Myth of Franchising: Turnkey Operations

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Many people buy a franchise because they feel they don't know how to effectively start a business without a lot of help.

Franchises offer support and systems already in place that are meant to help you start your business in an efficient and effective way. There seems to be a perception that buying a franchise is a much lower business risk than starting a business from scratch. While this is true in many cases, it is by no means risk free as there is also real risk with franchises. In many cases, help from your franchisers is there during your grand opening. It is one of the strongest benefits about franchising.

One of the myths of franchises is that they are "turnkeys." It is still up to the owner to manage the day-to-day operations and make the franchise work financially.

I worked with a struggling, established franchise in a very small North Carolina town. The franchiser charged them the same fees as their franchises in large cities such as L.A. and Chicago.

With a much smaller market, the business couldn't generate enough revenue to pay their franchise fees and earn a reasonable profit. Many franchisers do not differentiate their franchise fees for the size of the market. Always check with franchise owners in similar size markets to see how they are doing before making the leap. Another key factor is whether or not you will have exclusivity in your geographic market. Having the same franchise a few miles down the road will make it much harder to be successful.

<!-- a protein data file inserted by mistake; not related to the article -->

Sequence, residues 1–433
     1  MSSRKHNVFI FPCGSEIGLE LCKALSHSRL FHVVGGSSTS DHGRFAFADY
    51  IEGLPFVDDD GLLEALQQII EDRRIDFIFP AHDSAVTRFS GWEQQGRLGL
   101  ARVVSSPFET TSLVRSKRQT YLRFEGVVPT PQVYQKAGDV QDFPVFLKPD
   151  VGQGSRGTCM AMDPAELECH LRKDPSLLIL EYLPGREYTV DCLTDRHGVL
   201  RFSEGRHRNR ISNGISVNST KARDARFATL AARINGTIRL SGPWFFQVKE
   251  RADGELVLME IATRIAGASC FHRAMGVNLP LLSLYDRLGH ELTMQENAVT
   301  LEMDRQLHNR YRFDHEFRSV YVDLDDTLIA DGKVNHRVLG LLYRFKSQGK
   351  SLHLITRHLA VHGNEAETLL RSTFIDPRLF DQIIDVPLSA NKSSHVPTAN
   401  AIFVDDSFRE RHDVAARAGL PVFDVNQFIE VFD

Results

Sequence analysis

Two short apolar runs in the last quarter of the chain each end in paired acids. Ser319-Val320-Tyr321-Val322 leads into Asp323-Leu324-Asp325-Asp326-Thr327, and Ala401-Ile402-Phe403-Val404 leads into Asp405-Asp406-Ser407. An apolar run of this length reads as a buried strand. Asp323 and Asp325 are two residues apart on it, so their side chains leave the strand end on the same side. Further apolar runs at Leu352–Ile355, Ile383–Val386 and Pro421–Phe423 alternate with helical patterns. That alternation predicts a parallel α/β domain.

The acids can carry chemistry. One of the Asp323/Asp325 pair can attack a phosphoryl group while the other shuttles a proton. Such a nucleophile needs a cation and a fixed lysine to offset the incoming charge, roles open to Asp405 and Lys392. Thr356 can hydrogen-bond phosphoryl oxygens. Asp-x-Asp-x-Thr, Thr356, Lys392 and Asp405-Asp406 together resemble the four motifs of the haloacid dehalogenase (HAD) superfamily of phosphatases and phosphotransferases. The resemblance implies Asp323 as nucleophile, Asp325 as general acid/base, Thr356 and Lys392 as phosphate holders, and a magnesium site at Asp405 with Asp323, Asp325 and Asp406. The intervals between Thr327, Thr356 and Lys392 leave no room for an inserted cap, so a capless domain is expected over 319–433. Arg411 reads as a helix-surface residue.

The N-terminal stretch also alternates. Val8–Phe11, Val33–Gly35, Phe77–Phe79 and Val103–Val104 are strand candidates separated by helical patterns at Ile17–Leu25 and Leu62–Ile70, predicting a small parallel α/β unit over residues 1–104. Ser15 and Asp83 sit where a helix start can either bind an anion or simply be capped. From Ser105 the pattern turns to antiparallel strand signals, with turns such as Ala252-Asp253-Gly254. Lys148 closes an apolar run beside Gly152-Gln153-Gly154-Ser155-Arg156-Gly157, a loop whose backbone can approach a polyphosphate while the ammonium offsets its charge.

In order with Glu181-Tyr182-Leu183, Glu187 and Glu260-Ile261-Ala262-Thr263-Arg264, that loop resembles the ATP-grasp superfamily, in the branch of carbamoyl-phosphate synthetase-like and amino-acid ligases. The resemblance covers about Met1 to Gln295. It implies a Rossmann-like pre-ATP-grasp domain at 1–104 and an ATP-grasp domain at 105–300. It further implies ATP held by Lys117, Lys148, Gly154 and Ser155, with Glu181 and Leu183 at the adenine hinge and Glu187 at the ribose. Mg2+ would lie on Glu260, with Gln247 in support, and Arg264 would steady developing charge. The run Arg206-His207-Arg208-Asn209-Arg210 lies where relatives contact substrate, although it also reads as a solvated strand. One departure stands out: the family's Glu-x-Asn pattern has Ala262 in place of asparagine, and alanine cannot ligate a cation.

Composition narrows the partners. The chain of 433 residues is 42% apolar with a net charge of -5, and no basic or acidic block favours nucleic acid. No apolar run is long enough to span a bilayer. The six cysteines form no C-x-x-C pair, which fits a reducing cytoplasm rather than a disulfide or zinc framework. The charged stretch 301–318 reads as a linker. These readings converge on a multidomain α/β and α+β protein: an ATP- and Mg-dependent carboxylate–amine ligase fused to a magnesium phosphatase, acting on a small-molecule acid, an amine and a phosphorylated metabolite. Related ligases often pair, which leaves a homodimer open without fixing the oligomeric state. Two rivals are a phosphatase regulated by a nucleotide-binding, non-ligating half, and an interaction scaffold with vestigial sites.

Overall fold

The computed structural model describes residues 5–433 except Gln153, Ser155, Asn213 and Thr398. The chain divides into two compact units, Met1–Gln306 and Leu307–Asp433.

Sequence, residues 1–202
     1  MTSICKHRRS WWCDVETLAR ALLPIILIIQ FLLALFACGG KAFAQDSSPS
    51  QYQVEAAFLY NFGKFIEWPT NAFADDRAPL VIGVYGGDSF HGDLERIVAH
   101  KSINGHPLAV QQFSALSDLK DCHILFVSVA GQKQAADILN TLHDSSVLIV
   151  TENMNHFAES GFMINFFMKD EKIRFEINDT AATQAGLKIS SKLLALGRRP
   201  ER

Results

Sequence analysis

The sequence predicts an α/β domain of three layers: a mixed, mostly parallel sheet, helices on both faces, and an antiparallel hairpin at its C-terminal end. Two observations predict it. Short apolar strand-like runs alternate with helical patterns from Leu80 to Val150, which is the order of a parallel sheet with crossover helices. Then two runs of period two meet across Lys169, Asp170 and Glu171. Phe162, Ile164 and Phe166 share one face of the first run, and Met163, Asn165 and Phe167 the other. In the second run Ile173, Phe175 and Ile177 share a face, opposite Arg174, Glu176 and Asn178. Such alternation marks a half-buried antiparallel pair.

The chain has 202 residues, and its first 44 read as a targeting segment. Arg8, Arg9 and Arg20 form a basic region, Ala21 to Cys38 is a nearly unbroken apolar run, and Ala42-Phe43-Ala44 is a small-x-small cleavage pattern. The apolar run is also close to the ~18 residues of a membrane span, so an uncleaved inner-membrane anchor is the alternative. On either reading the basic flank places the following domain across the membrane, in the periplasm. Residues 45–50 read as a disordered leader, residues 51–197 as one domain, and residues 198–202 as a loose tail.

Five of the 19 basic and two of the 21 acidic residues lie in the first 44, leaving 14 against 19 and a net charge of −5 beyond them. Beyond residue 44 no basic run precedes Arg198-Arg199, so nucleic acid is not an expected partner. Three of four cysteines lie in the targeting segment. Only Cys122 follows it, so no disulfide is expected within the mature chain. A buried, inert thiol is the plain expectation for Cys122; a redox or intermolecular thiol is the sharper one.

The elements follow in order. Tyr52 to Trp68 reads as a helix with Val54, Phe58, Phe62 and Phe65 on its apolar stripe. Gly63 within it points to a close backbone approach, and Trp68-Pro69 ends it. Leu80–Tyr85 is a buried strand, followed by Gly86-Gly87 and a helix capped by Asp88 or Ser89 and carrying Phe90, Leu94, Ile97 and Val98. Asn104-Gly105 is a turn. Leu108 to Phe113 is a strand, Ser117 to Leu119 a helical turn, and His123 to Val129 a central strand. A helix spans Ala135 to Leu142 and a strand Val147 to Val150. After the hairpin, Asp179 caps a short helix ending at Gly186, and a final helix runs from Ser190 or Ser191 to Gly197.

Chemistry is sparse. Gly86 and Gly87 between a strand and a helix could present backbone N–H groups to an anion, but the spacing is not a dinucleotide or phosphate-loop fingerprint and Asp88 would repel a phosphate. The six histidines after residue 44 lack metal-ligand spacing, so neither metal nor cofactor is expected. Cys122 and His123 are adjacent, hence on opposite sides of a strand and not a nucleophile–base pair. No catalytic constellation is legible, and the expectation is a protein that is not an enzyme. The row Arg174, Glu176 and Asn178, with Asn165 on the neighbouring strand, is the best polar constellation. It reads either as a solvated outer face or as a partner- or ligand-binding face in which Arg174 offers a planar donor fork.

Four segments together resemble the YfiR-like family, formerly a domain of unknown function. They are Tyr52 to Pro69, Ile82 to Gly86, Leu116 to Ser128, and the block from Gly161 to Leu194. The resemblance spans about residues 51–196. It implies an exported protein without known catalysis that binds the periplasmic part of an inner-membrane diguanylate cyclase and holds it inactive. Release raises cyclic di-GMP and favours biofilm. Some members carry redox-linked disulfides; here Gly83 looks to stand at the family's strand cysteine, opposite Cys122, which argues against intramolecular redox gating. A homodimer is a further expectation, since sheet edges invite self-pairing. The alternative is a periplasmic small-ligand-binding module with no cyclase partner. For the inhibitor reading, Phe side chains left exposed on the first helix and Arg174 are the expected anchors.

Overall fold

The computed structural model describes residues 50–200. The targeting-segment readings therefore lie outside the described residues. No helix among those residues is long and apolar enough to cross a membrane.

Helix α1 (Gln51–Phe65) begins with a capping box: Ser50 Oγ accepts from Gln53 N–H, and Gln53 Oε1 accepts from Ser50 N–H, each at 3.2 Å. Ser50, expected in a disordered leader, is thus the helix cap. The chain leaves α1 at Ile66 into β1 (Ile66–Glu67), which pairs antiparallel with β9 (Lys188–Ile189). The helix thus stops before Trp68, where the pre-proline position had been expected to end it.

If you are considering buying a service franchise where you have to physically travel to your clients, always check out the "density" of your potential geographic market. I worked with a client in a small Southern town who considered a service franchise where they would have to take their service to pre-schools in the area.

In analyzing the number of pre-schools within a 50 mile radius, I identified that it would require an average of 30 minutes of travel time between preschools.

This would only enable them to provide four service sessions per school day as well as cost more than $75 a week in gasoline costs. Given the franchise cost, their investment in equipment and operating costs, the franchise didn't appear to be attractive in that kind of market.

Franchises can be a good investment, but a lot of research and analysis must be done before making the leap. One crucial question is whether or not the "national brand advertising" will benefit you versus the same cost for local market advertising.

The key question is how strong is the franchise "brand name" versus competitors. Will the brand name generate enough additional business to cover their franchise fees and turn you a good profit versus going it alone?

Consult with other franchise owners in similar sized markets, evaluate your location for traffic and evaluate the drawing card power of the "brand name" and look at the cost of the franchise fee relative to your market size before making the plunge.

Bob Papes is a local business expert and the author of two books, "Management During an Economic Crisis" and "Turnaround." His email address is: [email protected]

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